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Old 19th Nov 2022, 2:40 pm   #1
GrimJosef
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Default What intermittent fault might be burning these power supply resistors ?

I have a stereo amp in for service. The design is simple. Each channel has a small-signal gain stage using a 6C45P triode followed by a single 300B triode as the output stage. There are three HV supplies - an HT one for the 300Bs, an HT one for the 6C45Ps and a third one (-100V) for biasing the 300B control grids.

I first saw this amp (it belonged to a friend) 6 years ago when I traced the circuit and took some voltage and audio measurements. My friend has since sold it on and its current owner has now brought it back saying it's developed a hum and is now running physically hot. In particular the smoothing choke in the 300B HT supply becomes too hot to touch and the GZ37 rectifier there is red-plating.

Attached is a circuit of part of the small-signal HT supply and all of the 300B bias supply. I suspect the amp may be some kind of prototype. The chassis and wiring are rather untidy and circuit modifications have clearly been made. For example, the EZ80 in the bias supply has been bypassed by a BY127. Some components are also being over-run e.g. the reservoir capacitor in the bias supply, which is rated at 450V but is running at 560V !

The bias supply had in fact failed, which would account for the over-running of the components in the 300B HT supply. Specifically the two resistors circled in red were open-circuit. When I first saw this amp, 6 years ago, these resistors were 'cement-block' ones (perhaps 3W ?) and showed clear signs of overheating (labelling all but burnt away, values drifted high). I replaced them with a pair of Welwyn W22 vitreous enamelled ones (nominal 7W). The second picture shows them now. One, at least, has run so hot that the vitreous enamel on it has melted and run into the gap between them, 'glueing' them together ! This must have happened before their open-circuit failure.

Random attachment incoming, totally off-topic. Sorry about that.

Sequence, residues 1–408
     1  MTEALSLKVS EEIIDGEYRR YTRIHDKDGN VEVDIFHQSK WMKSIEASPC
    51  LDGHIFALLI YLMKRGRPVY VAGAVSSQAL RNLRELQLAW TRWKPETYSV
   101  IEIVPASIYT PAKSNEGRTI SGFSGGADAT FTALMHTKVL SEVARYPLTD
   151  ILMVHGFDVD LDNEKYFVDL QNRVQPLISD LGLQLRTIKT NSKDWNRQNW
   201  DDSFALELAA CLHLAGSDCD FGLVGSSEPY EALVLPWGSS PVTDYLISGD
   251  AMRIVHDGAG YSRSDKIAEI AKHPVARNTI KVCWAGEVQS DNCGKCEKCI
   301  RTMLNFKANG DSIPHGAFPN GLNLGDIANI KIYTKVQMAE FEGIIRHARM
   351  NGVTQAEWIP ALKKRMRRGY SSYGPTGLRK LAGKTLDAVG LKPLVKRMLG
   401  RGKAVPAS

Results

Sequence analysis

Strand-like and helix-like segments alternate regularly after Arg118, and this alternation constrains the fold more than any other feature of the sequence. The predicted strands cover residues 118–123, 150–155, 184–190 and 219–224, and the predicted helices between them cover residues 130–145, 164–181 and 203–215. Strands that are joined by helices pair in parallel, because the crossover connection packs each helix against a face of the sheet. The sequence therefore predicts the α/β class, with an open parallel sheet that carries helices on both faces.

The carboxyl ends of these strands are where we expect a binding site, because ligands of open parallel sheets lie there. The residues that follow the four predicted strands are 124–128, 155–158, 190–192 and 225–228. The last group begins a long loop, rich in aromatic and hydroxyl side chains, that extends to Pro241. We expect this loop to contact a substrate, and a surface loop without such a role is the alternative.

I've modelled the bias supply using PSU Designer II by Duncans Amps and it shows, once things have reached the steady-state, the pair of resistors passing a train of 50Hz current pulses with a foot-to-foot duration of ~3.2ms and a peak current of 92mA (so a peak voltage of 77V or so). Even if those were square pulses the average power dissipated in the resistors would only be 1.1W or so. In practice their truncated sine nature means the average power should be well under a watt. I have fitted replacements and sure enough they are running cool to the touch. All of the other bias supply components have survived whatever it was that blew the resistors (despite some of them being routinely pushed beyond their ratings), and the fault must have persisted for long enough to melt the vitreous glaze.

For completeness I should add that the HT winding on the mains transformer delivers 455V-0V-455V off load and each half of it has a resistance of 52 ohms.

I confess I can't think of a recoverable fault that could have caused the resistors to overheat. But I have seen it happen twice now. I would be really grateful for any thoughts ...